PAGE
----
Kunda (Uttar Pradesh), Nov. 26: From the king of Kunda to a criminal languishing in jail, Raghuraj Pratap Singh alias Raja Bhaiyya has come a long way.
Five decades after the abolition of zamindari, the former rulers of Kunda, Raja Rudrapratap Singh and his 35-year-old politician son, Raja Bhaiyya, still lived like kings. The royal flag fluttered atop Bhadri Palace, where the father ruled, or Raj Mahal, where the son held court.
But things changed overnight when Raja Bhaiyya — who has been representing the Kunda seat in the Assembly since 1993 — revolted against the Mayavati government after he was denied a berth in her ministry.
Today, Raja Bhaiyya is in prison, facing several criminal charges. Mayavati has also slapped the Gangster Act against him. His father, against whom an arrest warrant was issued, is on the run.
Kunda is virtually under siege. Raja Bhaiyya’s supporters, including two legislators and 50 village pradhans, have been put behind bars.
The tide turned against Raja Bhaiyya when the government suddenly woke up to the fact that the ruling family had been violating law and exercising fishing rights over a lake spanning 100 acres in the Pratapgarh region.
“He is a criminal caught in the due process of law,” claims Mayavati, brandishing a thick file containing Raja Bhaiyya’s criminal history like a weapon.
Raja Bhaiyya defends himself, saying he is “a victim of political vendetta” — a common refrain in Uttar Pradesh where more than 206 of the 402 MLAs have a criminal past.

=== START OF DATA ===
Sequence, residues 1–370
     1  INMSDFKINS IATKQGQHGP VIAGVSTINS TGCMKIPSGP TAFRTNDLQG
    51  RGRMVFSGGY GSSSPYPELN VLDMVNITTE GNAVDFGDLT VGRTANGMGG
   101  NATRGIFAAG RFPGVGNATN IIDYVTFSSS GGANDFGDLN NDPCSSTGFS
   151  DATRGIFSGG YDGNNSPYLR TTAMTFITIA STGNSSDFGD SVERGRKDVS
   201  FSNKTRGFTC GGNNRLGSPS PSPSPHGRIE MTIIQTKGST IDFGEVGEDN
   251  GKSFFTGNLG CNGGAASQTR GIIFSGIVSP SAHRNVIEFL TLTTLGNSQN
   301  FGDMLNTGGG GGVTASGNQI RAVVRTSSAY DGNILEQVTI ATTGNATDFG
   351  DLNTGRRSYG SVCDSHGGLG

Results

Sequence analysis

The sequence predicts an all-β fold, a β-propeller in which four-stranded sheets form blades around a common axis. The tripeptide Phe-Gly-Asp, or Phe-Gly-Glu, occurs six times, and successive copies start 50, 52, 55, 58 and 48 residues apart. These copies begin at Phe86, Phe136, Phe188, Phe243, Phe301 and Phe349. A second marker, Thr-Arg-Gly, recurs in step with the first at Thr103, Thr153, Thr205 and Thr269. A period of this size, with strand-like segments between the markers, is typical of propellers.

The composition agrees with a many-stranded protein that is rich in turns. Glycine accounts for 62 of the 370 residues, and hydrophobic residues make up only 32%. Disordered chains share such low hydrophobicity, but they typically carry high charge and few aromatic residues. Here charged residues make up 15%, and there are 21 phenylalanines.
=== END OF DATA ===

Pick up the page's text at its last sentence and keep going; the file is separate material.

Raja Bhaiyya’s rise in state politics also tells the story of political opportunism and nexus between lawmakers and outlaws.
His entry into politics during the 1993 Assembly polls — his first election at the age of 24 — was explosive. Raja Bhaiyya won as an Independent candidate, bagging 70 per cent of the votes polled and pushing candidates from the BJP, the Samajwadi Party and the Congress to the margin.
Since then, he has never lost an election. In 1996, his men tore down election posters of every other candidate, brazenly pushing policemen around. When a group of Muslim boys in Dilerganj dared to protest, their houses were torched.
Raja Bhaiyya’s goons chopped off the heads of three women attempting to run away from the blaze.
At an election meeting in Kunda the same year, BJP leader Kalyan Singh had promised the people the “end of the goonda of Kunda” if the BJP was voted to power. But he sang a different tune in October 1997 when Mayavati withdrew support and Raja Bhaiyya along with eight other Independents switched sides to save his government.
Raja Bhaiyya was sworn in as a Cabinet minister even though Pratapgarh police had obtained a non-bailable warrant for his arrest in a kidnapping case.
Since then, Raja Bhaiyya could do no wrong. Nothing was heard of the police inquiries into the Dilerganj incident. Another case in which he had allegedly brandished a revolver at policemen and threatened mayhem met the same fate.
The campaign for the 1988 Lok Sabha elections saw Raja Bhaiyya turn his guns against Ratna Singh of the Congress — a scion of the Kalakankar royal family and a relative of the Kunda rulers.
Ratna Singh won, but the setback made Raja Bhaiyya more determined to consolidate his hold on the region. In a throwback to olden days, he held daily durbars in which he played the roles of the government, judge and jury, all rolled in one. “Youth brigades” set up in all villages ensured that the people could defy him only in death.